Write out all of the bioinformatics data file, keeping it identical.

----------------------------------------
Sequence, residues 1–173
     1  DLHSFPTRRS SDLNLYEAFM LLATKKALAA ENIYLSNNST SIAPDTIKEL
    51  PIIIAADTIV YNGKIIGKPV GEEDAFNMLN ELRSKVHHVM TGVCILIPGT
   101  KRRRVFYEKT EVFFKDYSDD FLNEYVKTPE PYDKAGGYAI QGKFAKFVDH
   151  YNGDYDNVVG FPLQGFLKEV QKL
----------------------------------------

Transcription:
Sequence, residues 1–173
     1  DLHSFPTRRS SDLNLYEAFM LLATKKALAA ENIYLSNNST SIAPDTIKEL
    51  PIIIAADTIV YNGKIIGKPV GEEDAFNMLN ELRSKVHHVM TGVCILIPGT
   101  KRRRVFYEKT EVFFKDYSDD FLNEYVKTPE PYDKAGGYAI QGKFAKFVDH
   151  YNGDYDNVVG FPLQGFLKEV QKL